Rogue Valley TV is making the jump to full digital, expanding the latest technology to the Internet, as well as opening new computer editing classrooms to give students job-ready skills for the 21st century.

Rogue Valley TV, that user-friendly, highly accessible pipeline of cable-delivered information and education from Southern Oregon University, is making the jump to full digital, expanding the latest technology — and its channels — to the Internet, as well as opening new computer editing classrooms to give students job-ready skills for the 21st century.

After upgrading to a state-of-the-art studio and Internet server system and getting a $150,000 loan from the Oregon University System for a computer lab with 20 double-screen work stations, RVTV has "entered a whole new world, going from the 1980s to the 2010s," said media teacher Howard Schreiber.

"The old lab was fine and functional," said Schreiber, "but this doubles the lab size and will train students for full visual access to the Internet, YouTube, social networks, everything — and connects with the three other digital labs on campus."

The lab is being used for classes in emerging media and digital arts, communications, theater arts, film, art and other areas. The public can produce shows in another up-to-date digital lab for showing on Public Access Channel 15 and the Internet, said Joe Brett, RVTV operations and client relations director.

Government meetings and shows will stream on-demand on the Internet by December, as will public-access shows. Government will continue to be viewable at scheduled times on cable Channel 14, with public access on Channel 9.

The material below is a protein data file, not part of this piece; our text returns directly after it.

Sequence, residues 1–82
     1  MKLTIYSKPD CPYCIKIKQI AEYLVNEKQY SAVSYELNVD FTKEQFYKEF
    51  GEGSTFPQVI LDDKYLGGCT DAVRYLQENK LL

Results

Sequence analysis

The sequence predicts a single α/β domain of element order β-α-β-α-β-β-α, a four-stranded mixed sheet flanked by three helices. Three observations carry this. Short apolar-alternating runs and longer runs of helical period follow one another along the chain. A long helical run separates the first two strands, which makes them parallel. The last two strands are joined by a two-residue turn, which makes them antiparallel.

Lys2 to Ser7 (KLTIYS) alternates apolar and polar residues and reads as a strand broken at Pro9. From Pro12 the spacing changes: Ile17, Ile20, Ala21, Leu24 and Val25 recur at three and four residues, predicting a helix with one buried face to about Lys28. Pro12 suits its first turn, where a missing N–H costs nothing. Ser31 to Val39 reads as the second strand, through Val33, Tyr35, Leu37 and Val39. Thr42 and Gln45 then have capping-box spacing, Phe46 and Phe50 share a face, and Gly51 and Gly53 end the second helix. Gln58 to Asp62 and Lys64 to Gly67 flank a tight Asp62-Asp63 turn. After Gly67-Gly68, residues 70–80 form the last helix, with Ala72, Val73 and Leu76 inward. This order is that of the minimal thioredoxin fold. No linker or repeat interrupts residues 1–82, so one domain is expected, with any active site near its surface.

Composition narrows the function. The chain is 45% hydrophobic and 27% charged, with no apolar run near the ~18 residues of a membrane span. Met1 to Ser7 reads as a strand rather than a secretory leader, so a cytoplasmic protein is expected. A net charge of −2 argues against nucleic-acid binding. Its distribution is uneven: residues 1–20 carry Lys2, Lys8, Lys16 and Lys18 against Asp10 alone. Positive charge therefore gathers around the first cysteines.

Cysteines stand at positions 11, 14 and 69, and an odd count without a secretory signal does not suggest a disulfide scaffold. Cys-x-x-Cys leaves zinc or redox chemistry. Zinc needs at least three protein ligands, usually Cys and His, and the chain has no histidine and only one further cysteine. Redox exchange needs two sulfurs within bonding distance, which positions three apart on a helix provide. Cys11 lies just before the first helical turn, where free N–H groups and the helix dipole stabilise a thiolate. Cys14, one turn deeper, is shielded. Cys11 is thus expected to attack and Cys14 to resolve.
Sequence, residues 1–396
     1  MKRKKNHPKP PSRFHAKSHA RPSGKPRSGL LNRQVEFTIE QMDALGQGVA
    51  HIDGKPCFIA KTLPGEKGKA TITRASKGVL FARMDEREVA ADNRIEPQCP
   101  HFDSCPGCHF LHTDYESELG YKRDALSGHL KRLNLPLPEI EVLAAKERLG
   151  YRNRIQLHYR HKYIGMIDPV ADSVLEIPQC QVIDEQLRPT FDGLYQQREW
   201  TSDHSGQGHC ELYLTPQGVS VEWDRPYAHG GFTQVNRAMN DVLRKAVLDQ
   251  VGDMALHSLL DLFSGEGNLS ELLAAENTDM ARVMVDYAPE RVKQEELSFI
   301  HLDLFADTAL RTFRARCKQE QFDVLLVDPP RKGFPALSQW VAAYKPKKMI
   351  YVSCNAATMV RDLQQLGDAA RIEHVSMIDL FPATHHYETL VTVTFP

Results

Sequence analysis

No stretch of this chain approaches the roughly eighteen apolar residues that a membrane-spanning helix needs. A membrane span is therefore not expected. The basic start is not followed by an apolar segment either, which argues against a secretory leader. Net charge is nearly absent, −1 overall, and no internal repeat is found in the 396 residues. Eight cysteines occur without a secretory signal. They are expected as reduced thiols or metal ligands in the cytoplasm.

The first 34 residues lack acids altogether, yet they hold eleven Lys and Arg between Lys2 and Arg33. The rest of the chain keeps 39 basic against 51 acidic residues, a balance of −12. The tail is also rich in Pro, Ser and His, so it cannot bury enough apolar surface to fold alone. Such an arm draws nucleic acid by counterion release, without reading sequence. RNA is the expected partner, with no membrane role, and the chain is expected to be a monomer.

With the expansion of the Internet, governments, including Ashland, Medford, Grants Pass, Jackson County and Josephine County, as well as school districts, have expressed concern about the decline in cable subscribers and, thus, their outreach.

The new digital equipment, all Apple-based, will help remedy that gap, said Brett.

Because of increasing use of digital video and desktop editing software, the public is often bringing or sending completed shows, Brett said. Anyone wishing to use studio equipment will still have to take classes and get certified by RVTV, he added.

The new studio, digital cameras and control-room equipment enable users to produce high-definition shows that meet market standards throughout the industry, said Schreiber, and software is being adapted to allow streaming video to smartphones by the end of the year.

Catalyst for the modernization was the College of Arts & Sciences, home of the classes being taught in the lab. Students in other majors will soon have access to the lab and be able to create visually oriented productions that can assist governments and have many other applications, said Schreiber.

The upgrades were all paid for by SOU, said Assistant Provost Susan Walsh — and RVTV's budget handled remodeling of the building to use more lobby space for the lab. The College of Arts and Letters contributed $90,000, said Dean Alissa Arp.

"We're able to serve twice as many students now. It's good for the students and good for the community. The students are very excited. It's great for retention of students," said Walsh.

"And it's good for securing jobs," said Schreiber.

"The whole facility got a major upgrade," said production supervisor Brandon Givens. "This is all leading-edge stuff."

John Darling is a freelance writer living in Ashland. Email him at jdarling@jeffnet.org.